The Pregnant Pause

The Pregnant Pause

I had the honor to spend a year working with poet-philosopher David Whyte and his faculty through a conversational leadership program called Invitas. I’ve also traveled throughout Tuscany with his beauty-fueled caravan of seekers.

Over the years, I’ve experienced David speak many times. David is a master speaker. He’s very comfortable on stage in wide-ranging events like his now-famous TED talk, gatherings at Kripalu and Asilomar, and in various corporate settings.  

At certain potent points when David is speaking, he will pause in uncomfortable silence. It’s not just a brief pause that’s designed for effect, but rather an extended pause that can last for a few moments or even as long as a minute or two.  

Now imagine a room of 500 or so eagerly listening to souls. The full-house is hanging on David’s every poem and story. Then, in the midst of the talk, he pauses for an uncomfortably long time. Not uncomfortable for the speaker, but for the audience.

It took me a while to get used to this and begin to understand it.  Here’s what I finally realized—when David does this, he’s searching through the silence for the next just-right thing to say and share. He’s both seeking and allowing in this space. As he does this, he’s leaning into the energy of the audience to direct or inform him of where to go next with his talk.

He’s in silent conversation with the audience. It’s a magical creation that’s seemingly uncomfortable, but brimming with the courage to be silent and to allow for possibility.  Of course, he’s not the only one who does this.

Beyonce, I’ve heard, does this, too. While onstage during a song, or after, she’ll offer up a moment of quiet amidst the noise of a vibrant show. Others do it, too.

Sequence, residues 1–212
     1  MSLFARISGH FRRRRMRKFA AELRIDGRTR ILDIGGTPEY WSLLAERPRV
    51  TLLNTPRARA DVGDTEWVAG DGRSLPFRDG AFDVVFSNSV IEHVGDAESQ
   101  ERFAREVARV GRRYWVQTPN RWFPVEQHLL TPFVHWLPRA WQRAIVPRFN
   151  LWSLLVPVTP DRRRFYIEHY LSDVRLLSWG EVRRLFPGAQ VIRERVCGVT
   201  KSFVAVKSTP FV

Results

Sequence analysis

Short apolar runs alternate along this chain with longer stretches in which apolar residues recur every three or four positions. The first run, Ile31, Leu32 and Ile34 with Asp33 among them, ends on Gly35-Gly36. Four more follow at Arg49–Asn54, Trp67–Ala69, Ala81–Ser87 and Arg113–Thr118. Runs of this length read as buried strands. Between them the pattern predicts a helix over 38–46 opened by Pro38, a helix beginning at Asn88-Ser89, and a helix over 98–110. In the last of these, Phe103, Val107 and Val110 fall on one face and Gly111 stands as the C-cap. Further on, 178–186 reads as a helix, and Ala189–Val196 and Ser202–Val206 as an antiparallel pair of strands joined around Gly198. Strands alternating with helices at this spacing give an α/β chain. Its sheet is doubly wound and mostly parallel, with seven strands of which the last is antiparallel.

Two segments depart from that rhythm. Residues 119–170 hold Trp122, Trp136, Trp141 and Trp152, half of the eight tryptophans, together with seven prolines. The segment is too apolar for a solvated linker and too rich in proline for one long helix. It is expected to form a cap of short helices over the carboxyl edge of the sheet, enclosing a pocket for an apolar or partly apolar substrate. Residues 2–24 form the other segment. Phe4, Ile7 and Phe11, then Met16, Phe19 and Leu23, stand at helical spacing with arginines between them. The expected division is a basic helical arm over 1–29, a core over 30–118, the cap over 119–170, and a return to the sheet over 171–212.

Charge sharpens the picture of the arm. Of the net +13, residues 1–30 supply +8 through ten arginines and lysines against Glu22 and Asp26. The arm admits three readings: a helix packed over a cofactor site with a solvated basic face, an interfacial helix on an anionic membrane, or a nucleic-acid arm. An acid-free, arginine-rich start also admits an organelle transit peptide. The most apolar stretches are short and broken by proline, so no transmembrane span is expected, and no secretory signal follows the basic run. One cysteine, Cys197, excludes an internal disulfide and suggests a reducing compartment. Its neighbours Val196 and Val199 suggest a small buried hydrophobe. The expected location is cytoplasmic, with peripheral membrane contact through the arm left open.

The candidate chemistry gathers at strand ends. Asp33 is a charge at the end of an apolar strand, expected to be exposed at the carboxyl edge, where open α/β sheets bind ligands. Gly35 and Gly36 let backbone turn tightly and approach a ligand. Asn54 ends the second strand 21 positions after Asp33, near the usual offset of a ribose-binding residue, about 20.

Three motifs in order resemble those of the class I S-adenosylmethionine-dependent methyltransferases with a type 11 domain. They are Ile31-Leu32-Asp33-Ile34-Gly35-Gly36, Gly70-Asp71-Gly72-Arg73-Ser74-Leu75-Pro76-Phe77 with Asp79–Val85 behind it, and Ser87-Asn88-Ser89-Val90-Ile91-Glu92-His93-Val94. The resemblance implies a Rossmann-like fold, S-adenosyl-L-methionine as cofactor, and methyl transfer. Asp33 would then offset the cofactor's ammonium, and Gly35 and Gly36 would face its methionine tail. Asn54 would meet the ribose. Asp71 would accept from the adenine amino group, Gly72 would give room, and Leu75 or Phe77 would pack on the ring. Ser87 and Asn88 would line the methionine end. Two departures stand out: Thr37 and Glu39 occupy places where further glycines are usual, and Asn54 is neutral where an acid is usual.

Issac Stern, the famed violinist, was known for saying “music happens in the space between the notes.”

This gets me thinking, when do we pause in our life? 

For organizational leaders and entrepreneurs:

  • When do you give yourself permission to allow—through the silence of life—the next just-right thing to come through? 
  • When do you cultivate silence in your world to hear your own thoughts—to put up your feet and imagine what’s next? 
  • When do you pause long enough in conversation with others to hear the space between what’s being said and what’s being felt?

As we ready ourselves for a coming weekend, or holiday, or our daily ritual of living, are we approaching it with reverence? 

Are we giving ourselves time to reflect?
To rejuvenate?
To reconsider?
To recreate?
To be silent with our own thoughts so that we hear our wise inner voice more clearly?  

The pregnant pause is brimming with life. When we’re not bounded by the restraints of doing, we turn our attention to a state of being, in order to know what’s right to do next. Possibility abounds in pausing. Which can be both frightening and empowering.  

It takes more courage to pause these days. We owe it to ourselves to listen carefully, closely, and intently, so that what’s next can come through.  

“Silence is like a cradle holding our endeavors and our will; a silent spaciousness sustains us in our work and at the same time connects us to larger worlds that, in the busyness of our daily struggle to achieve, we have not yet investigated. Silence is the soul’s break for freedom.”
— David Whyte

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